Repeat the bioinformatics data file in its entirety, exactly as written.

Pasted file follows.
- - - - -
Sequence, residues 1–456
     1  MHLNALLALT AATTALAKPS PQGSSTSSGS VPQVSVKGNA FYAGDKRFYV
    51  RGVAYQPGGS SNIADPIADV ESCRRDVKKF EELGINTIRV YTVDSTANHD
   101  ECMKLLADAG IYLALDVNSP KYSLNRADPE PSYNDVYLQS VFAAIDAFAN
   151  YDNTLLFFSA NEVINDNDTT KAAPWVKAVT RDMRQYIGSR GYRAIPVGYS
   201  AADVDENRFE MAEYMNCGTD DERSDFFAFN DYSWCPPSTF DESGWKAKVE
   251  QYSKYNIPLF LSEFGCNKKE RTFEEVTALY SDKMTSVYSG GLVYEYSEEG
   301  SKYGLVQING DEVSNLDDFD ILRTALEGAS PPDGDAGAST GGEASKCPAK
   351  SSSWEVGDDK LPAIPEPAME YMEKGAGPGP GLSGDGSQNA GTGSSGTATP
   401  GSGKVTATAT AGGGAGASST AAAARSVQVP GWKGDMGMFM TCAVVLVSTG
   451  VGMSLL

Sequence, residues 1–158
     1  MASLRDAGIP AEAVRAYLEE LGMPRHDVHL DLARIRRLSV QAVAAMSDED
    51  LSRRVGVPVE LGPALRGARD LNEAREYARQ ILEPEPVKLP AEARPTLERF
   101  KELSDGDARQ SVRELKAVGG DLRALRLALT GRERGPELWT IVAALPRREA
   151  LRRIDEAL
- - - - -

Sequence, residues 1–456
     1  MHLNALLALT AATTALAKPS PQGSSTSSGS VPQVSVKGNA FYAGDKRFYV
    51  RGVAYQPGGS SNIADPIADV ESCRRDVKKF EELGINTIRV YTVDSTANHD
   101  ECMKLLADAG IYLALDVNSP KYSLNRADPE PSYNDVYLQS VFAAIDAFAN
   151  YDNTLLFFSA NEVINDNDTT KAAPWVKAVT RDMRQYIGSR GYRAIPVGYS
   201  AADVDENRFE MAEYMNCGTD DERSDFFAFN DYSWCPPSTF DESGWKAKVE
   251  QYSKYNIPLF LSEFGCNKKE RTFEEVTALY SDKMTSVYSG GLVYEYSEEG
   301  SKYGLVQING DEVSNLDDFD ILRTALEGAS PPDGDAGAST GGEASKCPAK
   351  SSSWEVGDDK LPAIPEPAME YMEKGAGPGP GLSGDGSQNA GTGSSGTATP
   401  GSGKVTATAT AGGGAGASST AAAARSVQVP GWKGDMGMFM TCAVVLVSTG
   451  VGMSLL

Sequence, residues 1–158
     1  MASLRDAGIP AEAVRAYLEE LGMPRHDVHL DLARIRRLSV QAVAAMSDED
    51  LSRRVGVPVE LGPALRGARD LNEAREYARQ ILEPEPVKLP AEARPTLERF
   101  KELSDGDARQ SVRELKAVGG DLRALRLALT GRERGPELWT IVAALPRREA
   151  LRRIDEAL